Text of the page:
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In " The Daffodils" and " Upon Westminster Bridge" the poet shows appreciation of the natural world. What does he appreciate and how does he convey this? Which poem do you prefer?

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In " The Daffodils" and " Upon Westminster Bridge" the poet shows appreciation of the natural world. What does he appreciate and how does he convey this? Which poem do you prefer? Both " The Daffodils" and " Upon Westminster Bridge" were written around the turn of the 19th century in Georgian times to illustrate William Wordsworth's view of the Natural World. " Upon Westminster Bridge" illustrates the poet's view on the city of London. Wordsworth is able to appreciate and see the magnificence in a normal bustling city. He is in awe at the scenic beauty of the morning sun, radiating from London's great architectural marvels. To give the sense of calm he uses the adjectives silent, smokeless to underline that it is early in the morning and London is beautiful because the factories are sleeping, there is no pollution and the city is not dirty. We can find an indirectly accuse of industrialisation. Only when the factories are closed, ships, towers and theatre are bare and when the town is silent, it is beautiful because industrialisation and pollution do not spoil it. " Upon Westminster Bridge" is written in the form of an Italian sonnet. It is divided into an octet and sestet. In the octet the poet tells us what he sees before him and describes to us the beauty of the scene. ...read more.


" Glittering" is onomatopoeia and you can almost picture the sun creeping though the city in the early morning. " The very houses seem asleep," is personification and suggest there is no sound of people or not even a noise so it seems as if the houses are sleeping. " That mighty heart" is a metaphor and suggests London is the centre of the World, the main function just like the heart at the centre of the body pumping blood. The Wordsworth poem is changed in the penultimate line where he says " Dear God." Wordsworth is overwhelmed by the tranquility of London that he feels the need to invoke God's name. " The Daffodils" is also written by William Wordsworth but is very different both in structure and content. " The Daffodils" has four stanzas. Each stanza has six lines. There is a simple rhyme scheme. At the end of each stanza there is a rhyming couplet which creates a rhythm. In the opening statement " I wondered lonely as a cloud." Wordsworth uses a simile to compare his loneliness to a cloud drifting through the sky. It suggests the poet is dreamy and wondering " o'ver vales and hills" with no real purpose or direction. The cloud is not bound by any obstacle but can go wherever the whim of the wind takes it. ...read more.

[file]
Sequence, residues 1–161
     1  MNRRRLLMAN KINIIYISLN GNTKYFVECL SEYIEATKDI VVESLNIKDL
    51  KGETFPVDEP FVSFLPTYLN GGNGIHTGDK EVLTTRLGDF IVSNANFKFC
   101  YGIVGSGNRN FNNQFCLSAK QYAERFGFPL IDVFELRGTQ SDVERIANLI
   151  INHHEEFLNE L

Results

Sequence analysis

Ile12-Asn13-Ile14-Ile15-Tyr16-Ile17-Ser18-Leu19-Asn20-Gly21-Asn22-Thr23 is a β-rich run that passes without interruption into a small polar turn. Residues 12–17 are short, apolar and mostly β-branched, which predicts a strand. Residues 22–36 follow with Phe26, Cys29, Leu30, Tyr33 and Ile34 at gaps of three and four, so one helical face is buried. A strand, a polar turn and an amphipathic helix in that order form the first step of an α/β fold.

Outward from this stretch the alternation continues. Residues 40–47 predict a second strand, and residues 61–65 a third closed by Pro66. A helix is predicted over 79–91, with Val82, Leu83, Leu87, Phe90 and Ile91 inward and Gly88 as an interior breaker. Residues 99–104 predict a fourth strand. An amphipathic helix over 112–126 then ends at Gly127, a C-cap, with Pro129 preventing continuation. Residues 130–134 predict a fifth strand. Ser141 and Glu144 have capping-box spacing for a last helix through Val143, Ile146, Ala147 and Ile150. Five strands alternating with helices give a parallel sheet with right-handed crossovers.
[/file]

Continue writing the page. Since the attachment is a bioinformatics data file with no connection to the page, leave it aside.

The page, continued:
Their "dance" is in complete coordination. The poet can not help being happy in such a joyful company of flowers. " A poet could not but be gay/ In such jocund company!" In the last stanza Wordsworth says he feels " vacant" or " pensive" the memory flashes upon " that inward eye/ That bliss of solitude," and his heart fills with pleasure and he " dances with the daffodils." Returned to the industrialised world the speaker is vacant of the joy that he found in nature- especially the daffodils. So when he recalls the daffodils he is reunited with the pleasure which he can not find amongst people. I prefer " The Daffodils". I like this poem because it shows what joy the memory can bring to the poet in times of contemplation, grief and loneliness. This poem is very touching and moving. We can see Wordsworth's use of imagery and emotion at its best. We can see that the poet holds daffodils and nature in high regard. The poem has a lot of nature images that you can practically see: the trees, the water, the stars and the daffodils. Unlike " Upon Westminster Bridge" which I feel is slightly sarcastic. In " The daffodils" Wordsworth's tone is merry and flows quickly and nicely; it's like he is creating a painting not a poem. ...read more.

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